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Scott G Winterton, Deseret News
BYU's #2 Craig Cusick ,right, is defended by Baylor's #55 Pierre Jackson on a push up court as BYU and Baylor play Saturday, Dec. 17, 2011 in the Marriott Center in Provo. Baylor won 86-83.

PROVO — Craig Cusick started the year as a steady presence at the point position — not flashy, not overly demonstrative, but consistent and reliable. A glance at his recent numbers — especially those numbers compiled from 3-point range would make him appear as the second-coming of Jimmer Fredette.

Last game out, he hit two key 3-point baskets late in the first half to help get the team going against San Diego and has gone an astonishing 9-10 from the arc during West Coast Conference play.

So is he the next Jimmer? "Oh no, please. I'm no Jimmer — don't call me Jimmer — I couldn't possibly live up to that," said Cusick following Tuesday's practice. "I've just been fortunate to have some open shots — guys are passing it to us in good spots and hopefully we can keep that going."

Shooting 90 percent from the foul line is exceptional — shooting it from 3-point range, or even from the field, is simply unheard of. Due in part to Cusick's prowess from the arc, coach Dave Rose has expanded the junior walk-on's role to playing at the 2-position along with backing up Matt Carlino at the point.

Playing at the 2 position alongside Carlino is something fans should see a lot more of in the near future due to some injury issues with Stephen Rogers. Rogers had been the first option at the 2 position off the bench, but he re-aggravated his knee injury against the Toreros and is expected to miss BYU's next game against Loyola Marymount.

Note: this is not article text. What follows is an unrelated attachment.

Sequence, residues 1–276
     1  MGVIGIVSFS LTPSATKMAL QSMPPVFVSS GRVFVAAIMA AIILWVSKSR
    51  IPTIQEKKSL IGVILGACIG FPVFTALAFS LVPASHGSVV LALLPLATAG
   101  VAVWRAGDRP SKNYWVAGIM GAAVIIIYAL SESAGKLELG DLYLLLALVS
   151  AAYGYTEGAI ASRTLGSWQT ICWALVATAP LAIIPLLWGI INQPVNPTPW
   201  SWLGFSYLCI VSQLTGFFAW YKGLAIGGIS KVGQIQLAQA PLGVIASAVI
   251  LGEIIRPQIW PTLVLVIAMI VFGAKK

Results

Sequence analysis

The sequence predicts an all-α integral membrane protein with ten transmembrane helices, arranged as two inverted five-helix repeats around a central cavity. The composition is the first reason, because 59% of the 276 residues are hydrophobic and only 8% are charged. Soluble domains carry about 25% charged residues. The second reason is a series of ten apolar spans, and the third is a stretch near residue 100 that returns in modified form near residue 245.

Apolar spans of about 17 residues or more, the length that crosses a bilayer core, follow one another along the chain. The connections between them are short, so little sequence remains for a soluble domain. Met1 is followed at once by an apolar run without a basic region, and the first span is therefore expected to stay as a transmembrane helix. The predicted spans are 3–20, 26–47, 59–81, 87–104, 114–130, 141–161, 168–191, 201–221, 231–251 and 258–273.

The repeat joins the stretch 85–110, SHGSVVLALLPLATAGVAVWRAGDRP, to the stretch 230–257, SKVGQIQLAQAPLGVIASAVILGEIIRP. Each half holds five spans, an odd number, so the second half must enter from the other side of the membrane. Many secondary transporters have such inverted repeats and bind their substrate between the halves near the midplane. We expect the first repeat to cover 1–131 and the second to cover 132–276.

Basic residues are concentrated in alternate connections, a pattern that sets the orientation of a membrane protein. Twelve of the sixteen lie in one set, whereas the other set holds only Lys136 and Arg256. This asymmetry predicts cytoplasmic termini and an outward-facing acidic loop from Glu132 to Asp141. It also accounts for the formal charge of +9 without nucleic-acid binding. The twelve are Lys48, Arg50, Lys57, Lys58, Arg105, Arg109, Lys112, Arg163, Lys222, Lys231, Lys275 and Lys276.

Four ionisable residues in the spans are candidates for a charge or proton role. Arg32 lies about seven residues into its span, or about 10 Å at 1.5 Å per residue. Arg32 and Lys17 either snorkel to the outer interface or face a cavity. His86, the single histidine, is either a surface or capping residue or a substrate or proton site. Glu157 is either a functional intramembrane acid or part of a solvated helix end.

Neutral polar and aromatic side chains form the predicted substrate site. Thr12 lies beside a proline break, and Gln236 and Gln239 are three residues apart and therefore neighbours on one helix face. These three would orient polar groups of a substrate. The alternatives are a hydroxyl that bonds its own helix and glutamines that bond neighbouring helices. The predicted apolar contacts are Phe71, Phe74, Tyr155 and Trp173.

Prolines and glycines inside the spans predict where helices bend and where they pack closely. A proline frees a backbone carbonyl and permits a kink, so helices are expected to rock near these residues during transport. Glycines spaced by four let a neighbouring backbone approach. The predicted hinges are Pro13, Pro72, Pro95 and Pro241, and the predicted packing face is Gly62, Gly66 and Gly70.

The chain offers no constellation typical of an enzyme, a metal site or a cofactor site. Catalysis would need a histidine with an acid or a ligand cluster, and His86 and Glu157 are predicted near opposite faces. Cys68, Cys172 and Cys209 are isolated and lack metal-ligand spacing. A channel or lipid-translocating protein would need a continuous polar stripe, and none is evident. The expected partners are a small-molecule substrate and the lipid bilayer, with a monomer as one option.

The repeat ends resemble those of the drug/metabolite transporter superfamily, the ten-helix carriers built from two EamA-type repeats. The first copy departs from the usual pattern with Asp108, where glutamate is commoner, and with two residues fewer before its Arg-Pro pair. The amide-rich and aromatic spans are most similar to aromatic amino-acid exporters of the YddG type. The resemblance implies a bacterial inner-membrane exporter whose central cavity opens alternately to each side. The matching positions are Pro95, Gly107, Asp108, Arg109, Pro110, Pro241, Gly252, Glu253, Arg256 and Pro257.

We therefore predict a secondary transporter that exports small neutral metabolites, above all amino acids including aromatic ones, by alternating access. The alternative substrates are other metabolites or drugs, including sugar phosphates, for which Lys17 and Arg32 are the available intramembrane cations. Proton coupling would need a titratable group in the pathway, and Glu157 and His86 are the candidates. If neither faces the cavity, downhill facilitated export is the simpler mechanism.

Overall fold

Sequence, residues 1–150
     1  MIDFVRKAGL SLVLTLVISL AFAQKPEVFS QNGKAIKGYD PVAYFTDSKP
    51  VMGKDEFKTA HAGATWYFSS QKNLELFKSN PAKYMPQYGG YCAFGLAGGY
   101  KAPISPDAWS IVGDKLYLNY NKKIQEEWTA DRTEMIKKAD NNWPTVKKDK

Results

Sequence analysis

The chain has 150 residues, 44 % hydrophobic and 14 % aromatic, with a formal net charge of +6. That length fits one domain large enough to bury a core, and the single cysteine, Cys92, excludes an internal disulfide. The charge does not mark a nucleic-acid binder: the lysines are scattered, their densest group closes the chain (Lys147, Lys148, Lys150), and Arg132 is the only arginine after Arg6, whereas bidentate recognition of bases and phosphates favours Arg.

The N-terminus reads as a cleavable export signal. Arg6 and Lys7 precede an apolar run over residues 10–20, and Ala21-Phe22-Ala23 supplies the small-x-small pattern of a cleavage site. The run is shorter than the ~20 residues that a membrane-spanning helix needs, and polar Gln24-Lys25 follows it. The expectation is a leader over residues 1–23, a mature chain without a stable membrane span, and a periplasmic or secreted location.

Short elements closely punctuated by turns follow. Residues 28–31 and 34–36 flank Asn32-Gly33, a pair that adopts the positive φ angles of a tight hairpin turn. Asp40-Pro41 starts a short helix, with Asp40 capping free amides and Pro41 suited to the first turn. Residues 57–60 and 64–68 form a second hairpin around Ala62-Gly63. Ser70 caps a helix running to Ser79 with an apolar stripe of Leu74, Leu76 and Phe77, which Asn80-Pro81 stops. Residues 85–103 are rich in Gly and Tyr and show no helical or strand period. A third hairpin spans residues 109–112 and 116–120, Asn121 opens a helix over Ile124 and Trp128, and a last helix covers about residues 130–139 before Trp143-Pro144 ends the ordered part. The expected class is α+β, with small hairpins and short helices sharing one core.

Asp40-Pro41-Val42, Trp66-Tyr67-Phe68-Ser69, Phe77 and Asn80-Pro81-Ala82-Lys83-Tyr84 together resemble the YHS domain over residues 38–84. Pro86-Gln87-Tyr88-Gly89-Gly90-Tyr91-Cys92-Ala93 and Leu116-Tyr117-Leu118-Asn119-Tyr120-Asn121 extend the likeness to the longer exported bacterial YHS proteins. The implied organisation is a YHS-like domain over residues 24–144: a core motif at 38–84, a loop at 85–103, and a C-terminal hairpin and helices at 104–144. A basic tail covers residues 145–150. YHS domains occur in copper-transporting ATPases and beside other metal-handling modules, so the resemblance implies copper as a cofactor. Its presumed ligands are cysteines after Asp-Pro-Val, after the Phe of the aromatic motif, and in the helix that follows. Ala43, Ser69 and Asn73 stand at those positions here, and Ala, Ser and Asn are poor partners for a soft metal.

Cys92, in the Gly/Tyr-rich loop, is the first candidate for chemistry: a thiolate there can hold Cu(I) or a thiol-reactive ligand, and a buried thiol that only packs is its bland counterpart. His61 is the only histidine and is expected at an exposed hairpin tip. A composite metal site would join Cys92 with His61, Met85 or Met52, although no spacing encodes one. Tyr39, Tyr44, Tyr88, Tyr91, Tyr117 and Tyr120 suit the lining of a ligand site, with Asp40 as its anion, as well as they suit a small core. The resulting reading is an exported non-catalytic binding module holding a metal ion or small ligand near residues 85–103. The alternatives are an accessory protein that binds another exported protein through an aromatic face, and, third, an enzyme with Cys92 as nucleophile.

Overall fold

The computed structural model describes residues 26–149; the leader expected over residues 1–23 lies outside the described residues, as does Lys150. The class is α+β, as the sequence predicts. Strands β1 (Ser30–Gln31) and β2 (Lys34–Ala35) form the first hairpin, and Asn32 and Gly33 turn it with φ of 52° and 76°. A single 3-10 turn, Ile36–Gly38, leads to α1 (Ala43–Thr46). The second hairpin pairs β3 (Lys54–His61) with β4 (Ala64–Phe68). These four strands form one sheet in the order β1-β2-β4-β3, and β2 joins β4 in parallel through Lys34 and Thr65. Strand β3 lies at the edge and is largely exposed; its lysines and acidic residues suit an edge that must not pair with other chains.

"Craig has done a terrific job coming off the bench and playing both spots for us," said Rose. "He's played at the point, but he's also played some at the wing position. Anson (Winder) and Damascus (Harrison) are the next group of guys that we'll go to. We have a lot of confidence in all our guys and what it means is that another guy will get a chance."

Cusick is making the most of his increased minutes at the wing and given his success rate it's somewhat surprising that he's only attempted 10 shots from range in his six conference games. So will this change — will he begin to look for his shot more and work to create his own shot? "No, that's not my game," he answered. "I'm just playing. My job is to run the team from the point and I'm aggressive when the time is right, but when it's not, then I'm just doing my job — getting the ball to open shooters and we have some great shooters on this team. I'll just continue to shoot when I'm open and hopefully they'll keep falling for me."

NOAH'S NOSE AND OTHER INJURIES: Rose had a light practice following Monday's physical matchup against San Diego, which left his team with a bunch of bumps and bruises.

Along with Rogers' knee injury, Carlino has a sore hamstring and Brock Zylstra a bit of a sore elbow. As for Noah Hartsock, Rose didn't quite really know how to describe his ailments — describing them collectively as "issues."

"Noah took quite a beating (against San Diego)," said Rose. "He has a sore back, and I really don't know what comment to make about his nose. It's been relocated, dislocated and poked so many times — he got it hit again, and they had to work to put it back together, but he'll be fine."

Cougars on the air

Loyola Marymount (10-8, 3-2 WCC)

at BYU (16-4, 5-1)

Marriott Center

Thursday, 6:30 p.m.

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